A current probe is a device that can measure amperage without breaking a circuit. Current probes can be self contained devices, or they may be designed to work in conjunction with a multimeter. Most current probes consist of a set of clamshell jaws that can be opened in order for a wire to be passed through and then clamped closed. When the jaws are closed, the current probe can use one of a few different methods to indirectly measure any amperage passing through the wire. Most current probes use either a transformer, Hall effect sensor, or iron vane to measure amperage.

Due to the way that electrical circuits work, current can be more complicated to measure than voltage or resistance. Both voltage and resistance can be measured by probing the ends of a component, since voltage remains the same in parallel circuits and resistance is measured directly. Current is uniform in series circuits, so a direct measurement of amperage must involve breaking the circuit. This is not always desirable, or even possible, so current clamps can allow amperage to be measured in an indirect way.

A magnetic field can be generated when electricity flows through a wire, and electricity can be induced when a magnetic field passed through a wire. These principles are used in transformers, and some current probes actually behave like a transformer. This type of current probe contains internal wires that act as a secondary winding, and the wire being measured acts as a primary. An ammeter can then use the current that is induced in the secondary winding to determine the amperage in the wire that is being probed. This type of current probe is only useful when measuring alternating current (AC).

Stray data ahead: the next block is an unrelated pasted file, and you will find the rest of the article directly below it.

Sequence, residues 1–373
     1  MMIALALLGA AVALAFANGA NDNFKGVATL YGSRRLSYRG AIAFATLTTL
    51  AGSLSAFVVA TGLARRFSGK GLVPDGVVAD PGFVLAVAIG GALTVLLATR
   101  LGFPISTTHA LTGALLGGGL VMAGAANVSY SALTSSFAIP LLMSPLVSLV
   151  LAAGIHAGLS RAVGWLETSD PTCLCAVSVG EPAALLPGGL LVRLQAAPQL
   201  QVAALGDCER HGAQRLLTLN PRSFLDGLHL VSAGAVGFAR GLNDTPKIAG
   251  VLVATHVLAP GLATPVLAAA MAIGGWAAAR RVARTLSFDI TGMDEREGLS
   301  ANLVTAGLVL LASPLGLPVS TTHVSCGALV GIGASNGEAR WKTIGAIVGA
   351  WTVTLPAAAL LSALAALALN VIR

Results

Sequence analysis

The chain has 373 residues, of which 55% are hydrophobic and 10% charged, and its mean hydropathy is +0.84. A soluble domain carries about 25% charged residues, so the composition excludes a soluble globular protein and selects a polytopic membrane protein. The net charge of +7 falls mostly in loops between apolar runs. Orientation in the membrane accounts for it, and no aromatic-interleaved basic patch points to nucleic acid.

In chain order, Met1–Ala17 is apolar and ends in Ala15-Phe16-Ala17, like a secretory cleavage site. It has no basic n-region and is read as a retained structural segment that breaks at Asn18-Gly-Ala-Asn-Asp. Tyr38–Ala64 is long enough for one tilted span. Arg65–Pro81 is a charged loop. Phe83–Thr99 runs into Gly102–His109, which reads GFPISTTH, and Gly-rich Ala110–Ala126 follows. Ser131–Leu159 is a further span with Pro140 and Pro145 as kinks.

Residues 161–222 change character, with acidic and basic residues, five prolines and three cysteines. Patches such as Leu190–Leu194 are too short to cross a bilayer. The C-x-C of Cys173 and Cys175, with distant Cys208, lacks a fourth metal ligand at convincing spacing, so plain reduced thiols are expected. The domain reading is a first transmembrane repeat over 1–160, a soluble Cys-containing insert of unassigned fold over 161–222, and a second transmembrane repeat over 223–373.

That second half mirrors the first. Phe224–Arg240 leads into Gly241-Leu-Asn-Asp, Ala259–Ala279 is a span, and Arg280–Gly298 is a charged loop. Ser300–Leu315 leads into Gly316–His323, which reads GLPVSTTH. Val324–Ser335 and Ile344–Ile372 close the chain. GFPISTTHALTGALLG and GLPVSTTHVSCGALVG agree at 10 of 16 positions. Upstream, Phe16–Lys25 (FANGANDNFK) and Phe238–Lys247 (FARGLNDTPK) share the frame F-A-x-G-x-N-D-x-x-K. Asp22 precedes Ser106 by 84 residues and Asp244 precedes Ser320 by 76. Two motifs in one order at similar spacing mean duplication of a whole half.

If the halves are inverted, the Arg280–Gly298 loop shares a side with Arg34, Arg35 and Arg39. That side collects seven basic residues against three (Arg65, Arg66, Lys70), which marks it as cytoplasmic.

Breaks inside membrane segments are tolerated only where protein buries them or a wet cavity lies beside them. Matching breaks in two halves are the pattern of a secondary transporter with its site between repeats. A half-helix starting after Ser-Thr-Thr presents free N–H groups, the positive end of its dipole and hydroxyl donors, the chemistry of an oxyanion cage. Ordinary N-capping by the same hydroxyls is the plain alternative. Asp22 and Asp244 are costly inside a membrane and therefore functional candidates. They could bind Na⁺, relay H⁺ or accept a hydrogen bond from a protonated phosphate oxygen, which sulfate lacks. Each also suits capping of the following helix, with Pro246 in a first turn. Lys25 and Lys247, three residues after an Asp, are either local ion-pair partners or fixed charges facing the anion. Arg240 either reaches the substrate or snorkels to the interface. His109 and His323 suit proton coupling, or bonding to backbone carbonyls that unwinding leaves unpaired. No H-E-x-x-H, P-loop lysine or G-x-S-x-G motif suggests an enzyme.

Another type of current probe with a clamp design uses a Hall effect sensor instead of a transformer. These Hall effect probes also use the magnetic field generated by the test circuit to indirectly measure amperage. This is achieved by measuring the voltage difference in an circuit, which is caused by the magnetic field. These current probes are typically very sensitive and able to measure either direct current (DC) or AC.

Iron vane current probes can also measure either AC or DC, and come in a few different configurations. Some iron vane current probes have an integrated meter and clamshell jaws. Other types of iron vane probes also have integrated meters, but lack jaws. These probes are typically held in parallel with the tested wire so that its magnetic field can move the iron vane, which in turn moves the needle on the meter.

EasyTechJunkie is dedicated to providing accurate and trustworthy information. We carefully select reputable sources and employ a rigorous fact-checking process to maintain the highest standards. To learn more about our commitment to accuracy, read our editorial process.

Discussion Comments

EasyTechJunkie, in your inbox

Our latest articles, guides, and more, delivered daily.

EasyTechJunkie, in your inbox

Our latest articles, guides, and more, delivered daily.